The sons of murdered Saudi journalist Jamal Khashoggi said Friday they ‘forgive’ the killers of their father, an announcement analysts said effectively grants clemency to five convicted people on death row.
Khashoggi – a royal family insider turned critic – was killed and dismembered at the kingdom’s consulate in Istanbul in October 2018, in a case that tarnished the reputation of de facto ruler Crown Prince Mohammed bin Salman.
His family’s pardon could spare the lives of five unnamed people sentenced to death over the murder in a December court ruling that exonerated two top aides to the crown prince.
‘We the sons of martyr Jamal Khashoggi announce we forgive and pardon those who killed our father,’ the Washington Post columnist’s son Salah Khashoggi announced on Twitter.
Saudi authorities did not immediately comment on the legal ramifications of the announcement from Salah, who resides in the kingdom and has denied reports of a financial settlement with the government.
The CIA said it believed Crown Prince Mohammed bin Salman ordered Khashoggi’s killing following critical pieces written by Khashoggi about the Saudi regime.
The tweet posted in Arabic said: ‘In this blessed night of the blessed month (of Ramadan) we remember God’s saying: ‘If a person forgives and makes reconciliation, his reward is due from Allah.
‘Therefore we the sons of the martyr Jamal Khashoggi announce we pardon and forgive those who killed our father, seeking reward God almighty.’
Jamal Khashoggi attending a press conference in the Bahraini capital Manama in 2014. He was brutally killed at the Saudi consulate in Istanbul in 2018
We the sons of martyr Jamal Khashoggi announce we forgive and pardon those who killed our father,’ Salah, right, and Abdullah Khashoggi, left in 2018, said on Twitter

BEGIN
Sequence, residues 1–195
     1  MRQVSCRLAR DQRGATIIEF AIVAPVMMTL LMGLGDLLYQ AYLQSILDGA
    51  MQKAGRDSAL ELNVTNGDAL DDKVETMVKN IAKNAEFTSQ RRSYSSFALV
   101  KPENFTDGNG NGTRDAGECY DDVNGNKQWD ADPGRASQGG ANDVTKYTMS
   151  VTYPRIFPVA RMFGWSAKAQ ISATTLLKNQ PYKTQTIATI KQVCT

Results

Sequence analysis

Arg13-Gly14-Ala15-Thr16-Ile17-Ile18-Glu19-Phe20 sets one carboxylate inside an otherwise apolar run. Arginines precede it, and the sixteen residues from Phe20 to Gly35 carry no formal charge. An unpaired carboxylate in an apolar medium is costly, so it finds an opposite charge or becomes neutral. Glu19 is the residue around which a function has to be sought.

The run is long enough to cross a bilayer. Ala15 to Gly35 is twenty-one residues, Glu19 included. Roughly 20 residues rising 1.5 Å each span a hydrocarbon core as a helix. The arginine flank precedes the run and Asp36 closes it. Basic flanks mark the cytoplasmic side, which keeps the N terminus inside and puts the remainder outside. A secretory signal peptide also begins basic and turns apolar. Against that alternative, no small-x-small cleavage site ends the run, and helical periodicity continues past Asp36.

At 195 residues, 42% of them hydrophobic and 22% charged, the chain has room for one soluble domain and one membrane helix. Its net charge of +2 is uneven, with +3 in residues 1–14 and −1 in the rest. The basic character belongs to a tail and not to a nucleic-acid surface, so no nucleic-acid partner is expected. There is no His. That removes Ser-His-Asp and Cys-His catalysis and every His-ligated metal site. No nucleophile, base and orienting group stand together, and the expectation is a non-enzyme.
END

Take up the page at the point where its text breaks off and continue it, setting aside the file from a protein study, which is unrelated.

The tweet posted in Arabic said: ‘In this blessed night of the blessed month (of Ramadan) we remember God’s saying: ‘If a person forgives and makes reconciliation, his reward is due from Allah.’ ‘Therefore we the sons of the martyr Jamal Khashoggi announce we pardon and forgive those who killed our father, seeking reward God almighty.’
‘What this essentially means is that the killers will avoid capital punishment since that is a right the family (under sharia law) has to forgive,’ Ali Shihabi, a Saudi author and analyst close to the government said on Twitter.
‘Other legal procedures by the state continue.’
Analyst Nabeel Nowairah also said the family’s declaration effectively means the ‘murderers will not be executed’.
Salah has previously said he had ‘full confidence’ in the judicial system, and criticized opponents he said were seeking to exploit the case.
Khashoggi was last seen at the Saudi consulate in Istanbul on October 2, 2018, where he had gone to obtain documents for his impending wedding to his Turkish fiancee Hatice Cengiz.
His body was reportedly dismembered and removed from the building, and his remains have not been found.
Shortly after his death Khashoggi’s two sons made an emotional appeal to have their father’s body returned home during a sit-down with CNN.